Back in January, Due South commented on one silver lining of the economic crisis – a fall in CO2 emissions. With a double-dip recession predicted by some, could this be a double windfall for efforts to combat climate change?
Annual global emissions fell by 1.1 per cent to 31.13 billion tonnes in 2009 – down from a record 31.55 billion tonnes in 2008. This trend has been even more marked in the UK, where net emissions of carbon dioxide were estimated to be 9.8 per cent lower than in 2008.
Although this trend shows no signs of slowing, some unforeseen consequences of the silver lining have started to emerge. These may bear important lessons for the ways in which we address the urgent threat of climate change.
Permits to pollute
The fall in emissions is obviously welcome, but it has called into question the effectiveness of the European Union´s flagship system for reducing emissions, the Emissions Trading System (ETS).
Carbon trading – or cap and trade – is a market-based approach that controls pollution by providing economic incentives for achieving reductions in the emissions of pollutants. As Stavins explains, a central authority (usually a governmental body) sets a limit, or cap, on the amount of CO2 that can be emitted. Emissions permits, which represent the right to emit or discharge a specific volume of CO2, are allocated or sold to firms. The total amount of permits cannot exceed the cap, limiting total emissions to that level. Firms with excess emissions have the choice of making costly adjustments to reduce them or buying permits from those who have a surplus. So although the EU decides on the level of reductions (by setting the cap), the market is entrusted with the job of deciding precisely how these cuts are achieved.
However, with the unexpected fall in emissions accompanying the recession, there has been an increase in available permits. When economic activity picks up, these credits will be used to offset future emissions. As the NGO Sandbag has stressed ‘the current design of the ETS prevents us from capturing any environmentally beneficial side-effect of the recession within the traded sector. This is because the ETS currently lacks any mechanism to reduce the supply of permits in the event of rapidly falling demand, and any permits unused can be banked forward indefinitely.’
This increase in carbon permits will have other consequences aside from the future increase in CO2 emissions – such as decreased incentives for businesses to invest in emission-cutting technology and a weakened drive for clean energy innovation. For many businesses the surplus in carbon permits may mean ‘business as usual’ for the foreseeable future in terms of both direct emissions (and oil consumption) and investments in alternative energy sources.
This will only exacerbate concerns that the EU is being left behind in terms of innovation for a low carbon economy. Meanwhile, countries such as China – reputed for its prioritisation of economic growth over environmental protection – forge ahead in terms of investment in a green economy.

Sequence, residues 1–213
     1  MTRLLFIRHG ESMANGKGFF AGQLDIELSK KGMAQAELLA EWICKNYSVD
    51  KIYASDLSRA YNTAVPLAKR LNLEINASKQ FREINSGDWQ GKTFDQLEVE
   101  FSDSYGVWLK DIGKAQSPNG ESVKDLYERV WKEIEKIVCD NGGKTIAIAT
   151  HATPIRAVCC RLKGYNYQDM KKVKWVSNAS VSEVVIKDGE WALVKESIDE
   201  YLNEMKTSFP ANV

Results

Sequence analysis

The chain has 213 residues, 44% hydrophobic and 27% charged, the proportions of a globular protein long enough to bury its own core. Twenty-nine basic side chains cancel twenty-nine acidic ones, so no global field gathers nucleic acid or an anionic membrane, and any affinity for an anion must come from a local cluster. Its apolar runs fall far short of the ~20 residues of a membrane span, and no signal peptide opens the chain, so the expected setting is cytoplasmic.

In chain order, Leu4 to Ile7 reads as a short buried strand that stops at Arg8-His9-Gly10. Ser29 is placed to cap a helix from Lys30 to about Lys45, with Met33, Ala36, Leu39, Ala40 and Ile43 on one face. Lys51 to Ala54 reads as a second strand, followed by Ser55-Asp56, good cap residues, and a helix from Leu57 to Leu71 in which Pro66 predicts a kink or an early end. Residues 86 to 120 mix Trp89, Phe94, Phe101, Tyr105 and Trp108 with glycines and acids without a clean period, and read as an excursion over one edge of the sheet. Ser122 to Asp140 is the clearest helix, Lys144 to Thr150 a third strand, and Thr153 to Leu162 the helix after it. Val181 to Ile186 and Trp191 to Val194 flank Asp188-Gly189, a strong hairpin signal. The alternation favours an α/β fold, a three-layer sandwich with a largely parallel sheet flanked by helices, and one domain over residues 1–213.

20-20-20 to 30-20-20?
The latest set of EU agreements regarding climate change – known as 202020 – consist of a 20 per cent reduction in EU greenhouse gas emissions below 1990 levels, 20 per cent of EU energy consumption to come from renewable resources, and a 20 per cent reduction in primary energy use compared with projected levels.
Connie Hedegaard, the European Commissioner for Climate Action, recently reported in IIED’s Barbara Ward lecture that these targets were no longer enough to drive the response needed to address the urgent threat of climate change. This is partly due to the impact of the recession on carbon trading. More critically, others have argued that the 20 per cent target could probably be achieved without any domestic abatement of CO2 until 2017 at the earliest.
Hedegaard has proposed a move for the EU to a 30 per cent (rather than 20 per cent) reduction in emissions. This would not only reduce carbon emissions further, but would also give a stronger incentive for businesses to invest in low carbon development, and would, thanks to the recession, be relatively cheap. Beyond that, it has been recommended that the number of permits that are auctioned (rather than allocated) be increased to 50% for the next phase of EU ETS (2013 to 2020), from 3% in the previous phase, thereby increasing the carbon price.
Taking the plunge
Although 30 per cent is an important target for the EU, concerns have been raised over its effectiveness in the absence of a global mechanism to address CO2 emissions. China may be at the forefront of investments in low-carbon technology, but its greenhouse gas emissions have actually increased during the recession.
Until countries like China have an equivalent target to cut emissions, progress may be limited. A stronger EU target could simply increase CO2 ‘leakage’, whereby production of carbon-intensive products shifts to countries where there is no carbon price. Moreover, as a result of concerns over falling EU competitiveness in trade, a consortium of EU industries has led fierce resistance to a 30 per cent reduction in CO2 emissions. Leakage may in some cases be a legitimate concern, but it has also been argued that many industries have ‘not only been protected from potentially imaginary carbon leakage threats…but had, in fact, been competitively advantaged by Member States through excessive allocations of free carbon allowances’.
Surely someone needs to take the first step towards more ambitious targets that go some way to dealing with the future threat of climate? We can’t rely on ‘silver linings’ or blind opportunity. This is no time for inaction or stalemates. But who will take the plunge?